One-stop shop: Paramount to sell others' tickets
Although Tony Bennett grabbed the big headlines, one silent piece of the Paramount puzzle holds the promise of one-stop shopping for Charlottesville show-goers.
Right now it's just an empty shell with some impressive wiring and rich hardwood facade, but the on-site box office at the Paramount Theater promises big things for Charlottesville's performance-loving culture vultures.
Imagine three fully computerized stations, including a wheelchair-accessible window, where customers can buy tickets not only for Paramount shows but also for concerts, plays, and other events at venues throughout the area. That's the ticket-vending vision of Paramount executive director Chad Hershner.
"A lot of it is in process," Hershner says of his dream to make the Paramount a downtown ticket hub.
The Paramount plan entails printing and selling its own and outside venues' tickets at face value, with no surcharge (there will be a $5 fee for mailed orders).
Although no arts organization has yet turned down the Paramount's pitch to distribute tickets, box office manager Tracy Grooms-Key admits, "We haven't heard from everybody. A lot of people don't know we're offering this yet."
So far, the only group ready to actually utilize the service is the Oratorio Society of Charlottesville-Albemarle, which will stage its January 29 concert at the newly refurbished theater.
But what will be the impact of the Paramount's no-charge ticket service on area businesses that have benefited from drawing customers by serving as ticket outlets?
"It's an important vehicle," says Che Logan, assistant manager at Plan 9 Music in Albemarle Square. "I mean, it definitely brings them in."
Even though Plan 9 charges a variable fee on top of a ticket's face value, Logan isn't worried the Paramount's fee-free plan will compromise Plan 9's business.
"This is a town of convenience," he says. "If you're down there, you'll buy them; but I know people who won't drive downtown, not even to save a buck or two."
The view is different for Cal Glattfelder, owner of Sidetracks, a Water Street music store located just a few blocks from the Paramount.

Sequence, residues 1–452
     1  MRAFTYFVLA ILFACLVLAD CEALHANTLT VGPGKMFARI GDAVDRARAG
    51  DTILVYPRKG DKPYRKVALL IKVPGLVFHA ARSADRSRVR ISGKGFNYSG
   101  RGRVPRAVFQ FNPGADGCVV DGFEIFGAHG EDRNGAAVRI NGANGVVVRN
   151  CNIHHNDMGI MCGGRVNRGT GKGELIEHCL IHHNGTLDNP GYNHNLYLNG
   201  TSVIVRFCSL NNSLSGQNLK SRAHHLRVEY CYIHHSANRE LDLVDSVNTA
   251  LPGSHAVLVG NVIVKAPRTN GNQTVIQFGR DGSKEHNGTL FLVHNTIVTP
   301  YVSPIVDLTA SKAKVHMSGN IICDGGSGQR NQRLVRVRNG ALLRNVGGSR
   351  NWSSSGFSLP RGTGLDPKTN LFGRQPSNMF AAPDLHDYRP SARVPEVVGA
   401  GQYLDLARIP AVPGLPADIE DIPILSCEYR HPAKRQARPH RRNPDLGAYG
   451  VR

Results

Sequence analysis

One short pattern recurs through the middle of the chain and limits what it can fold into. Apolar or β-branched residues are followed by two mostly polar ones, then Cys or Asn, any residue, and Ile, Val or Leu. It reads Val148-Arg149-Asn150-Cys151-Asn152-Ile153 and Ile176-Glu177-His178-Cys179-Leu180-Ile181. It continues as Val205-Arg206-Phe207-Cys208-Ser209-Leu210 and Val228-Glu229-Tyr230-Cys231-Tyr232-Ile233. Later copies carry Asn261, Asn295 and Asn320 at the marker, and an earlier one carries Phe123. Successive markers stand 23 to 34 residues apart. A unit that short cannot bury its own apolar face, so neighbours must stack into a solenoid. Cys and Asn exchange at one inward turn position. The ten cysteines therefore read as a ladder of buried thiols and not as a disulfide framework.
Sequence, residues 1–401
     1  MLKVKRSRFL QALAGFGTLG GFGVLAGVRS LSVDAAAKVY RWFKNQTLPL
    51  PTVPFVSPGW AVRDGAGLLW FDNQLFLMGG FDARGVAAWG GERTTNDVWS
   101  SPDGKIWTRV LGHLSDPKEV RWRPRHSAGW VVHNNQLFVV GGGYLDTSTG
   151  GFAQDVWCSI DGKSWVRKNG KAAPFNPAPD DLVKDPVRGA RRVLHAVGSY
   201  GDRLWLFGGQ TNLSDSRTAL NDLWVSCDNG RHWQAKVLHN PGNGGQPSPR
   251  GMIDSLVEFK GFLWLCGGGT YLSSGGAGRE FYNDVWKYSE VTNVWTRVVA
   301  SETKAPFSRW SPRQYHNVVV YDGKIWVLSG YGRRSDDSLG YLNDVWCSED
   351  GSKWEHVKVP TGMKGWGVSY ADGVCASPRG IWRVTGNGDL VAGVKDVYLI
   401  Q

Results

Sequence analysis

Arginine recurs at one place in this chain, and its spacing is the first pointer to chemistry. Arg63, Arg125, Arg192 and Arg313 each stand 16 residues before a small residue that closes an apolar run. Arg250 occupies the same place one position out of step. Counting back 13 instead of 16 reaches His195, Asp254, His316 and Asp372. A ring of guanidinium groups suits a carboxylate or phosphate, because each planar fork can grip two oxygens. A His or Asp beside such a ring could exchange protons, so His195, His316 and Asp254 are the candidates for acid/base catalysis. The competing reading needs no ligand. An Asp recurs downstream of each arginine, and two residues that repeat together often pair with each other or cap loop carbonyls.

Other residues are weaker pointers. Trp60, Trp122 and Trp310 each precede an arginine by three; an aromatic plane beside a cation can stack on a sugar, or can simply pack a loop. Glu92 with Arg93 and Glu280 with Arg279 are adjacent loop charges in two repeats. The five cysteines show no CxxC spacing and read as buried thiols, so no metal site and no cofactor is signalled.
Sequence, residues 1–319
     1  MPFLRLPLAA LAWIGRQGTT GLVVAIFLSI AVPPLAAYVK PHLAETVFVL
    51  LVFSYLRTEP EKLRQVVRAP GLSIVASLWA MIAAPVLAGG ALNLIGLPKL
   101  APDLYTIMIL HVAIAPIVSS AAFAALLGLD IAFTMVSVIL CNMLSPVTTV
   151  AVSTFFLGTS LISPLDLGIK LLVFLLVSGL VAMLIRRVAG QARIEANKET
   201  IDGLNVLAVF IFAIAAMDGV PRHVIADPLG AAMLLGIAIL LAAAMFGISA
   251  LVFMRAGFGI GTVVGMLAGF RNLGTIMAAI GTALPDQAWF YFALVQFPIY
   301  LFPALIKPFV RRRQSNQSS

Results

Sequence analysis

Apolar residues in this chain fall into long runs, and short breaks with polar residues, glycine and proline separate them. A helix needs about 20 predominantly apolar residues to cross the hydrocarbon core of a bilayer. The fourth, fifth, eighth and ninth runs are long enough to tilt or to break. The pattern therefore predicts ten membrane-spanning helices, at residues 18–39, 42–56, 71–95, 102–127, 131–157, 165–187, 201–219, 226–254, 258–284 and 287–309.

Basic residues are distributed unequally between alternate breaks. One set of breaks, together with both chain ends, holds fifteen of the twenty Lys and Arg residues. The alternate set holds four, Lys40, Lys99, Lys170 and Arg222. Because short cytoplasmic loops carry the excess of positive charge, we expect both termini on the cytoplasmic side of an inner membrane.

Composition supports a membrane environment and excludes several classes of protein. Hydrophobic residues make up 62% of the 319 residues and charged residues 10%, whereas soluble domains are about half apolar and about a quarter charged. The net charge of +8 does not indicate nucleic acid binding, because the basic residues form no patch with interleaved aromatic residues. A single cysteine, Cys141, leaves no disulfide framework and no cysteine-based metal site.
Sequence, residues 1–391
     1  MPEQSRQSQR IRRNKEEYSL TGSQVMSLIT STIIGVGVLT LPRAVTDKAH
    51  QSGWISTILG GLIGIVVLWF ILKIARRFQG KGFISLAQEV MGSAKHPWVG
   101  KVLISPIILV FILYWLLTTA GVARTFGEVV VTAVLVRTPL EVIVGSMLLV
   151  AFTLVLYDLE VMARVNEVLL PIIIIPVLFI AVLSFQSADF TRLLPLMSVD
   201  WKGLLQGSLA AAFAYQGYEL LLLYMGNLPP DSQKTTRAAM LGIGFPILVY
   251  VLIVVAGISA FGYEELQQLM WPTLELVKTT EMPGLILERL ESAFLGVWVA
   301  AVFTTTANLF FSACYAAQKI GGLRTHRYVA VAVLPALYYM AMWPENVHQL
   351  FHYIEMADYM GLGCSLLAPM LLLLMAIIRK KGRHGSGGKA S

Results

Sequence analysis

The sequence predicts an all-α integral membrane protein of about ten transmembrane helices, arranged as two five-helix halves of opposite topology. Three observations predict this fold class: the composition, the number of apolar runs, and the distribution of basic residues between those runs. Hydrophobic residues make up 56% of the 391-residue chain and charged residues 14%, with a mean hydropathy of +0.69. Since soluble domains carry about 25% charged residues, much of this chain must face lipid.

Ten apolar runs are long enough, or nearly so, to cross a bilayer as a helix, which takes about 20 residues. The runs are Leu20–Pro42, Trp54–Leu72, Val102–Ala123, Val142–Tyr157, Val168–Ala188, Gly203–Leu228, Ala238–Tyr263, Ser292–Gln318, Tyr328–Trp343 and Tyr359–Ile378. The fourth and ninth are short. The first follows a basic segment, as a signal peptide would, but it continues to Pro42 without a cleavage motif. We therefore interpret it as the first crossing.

"It wouldn't be good for me to have them do that," says Glattfelder, who adds a $1 surcharge to tickets he sells. "That's kind of strange– why would they do it for free?"
"Part of it, again, is being that good community partner," says Hershner. "We don't want to be the 800-pound gorilla in town. We don't want to be a nonprofit taking advantage of other nonprofits."
For now, with the box office under construction until mid-January, patrons have the choice of buying tickets in person at the Paramount's temporary offices on Water street or via phone, fax, mail, or at the Paramount's website, theparamount.net.
But don't expect to see the familiar order form powered by local impresario Coran Capshaw's MusicToday. The Paramount opted to adopt ticketing software from another company that can integrate with fundraising and membership databases.
"That's something we currently do not do," explains Music Today executive Chris Walmsley. "It's certainly on our list of priorities."
A Hershner priority, however, is allowing the Paramount to keep track of customer information. He points out the theater's new ticketing software automatically updates the Paramount's entire system, and flags which shows customers prefer, enabling direct-mail campaigns and email "blasts" to be tailored to patrons' specific interests.
Regarding the Paramount's decision not to use Music Today's ticketing system, Hershner says, "When you have a resource like that right in your backyard, there's a desire to go with what's in the community, but we had to go with the software that best fit our needs." He adds that if Music Today enhances its software in the future, he's open to reconsidering.
In the meantime, Hershner is intent on making the Paramount's box office a fully wired, one-stop ticket shop.
One-stop ticket shop?
PHOTO BY JEN FARIELLO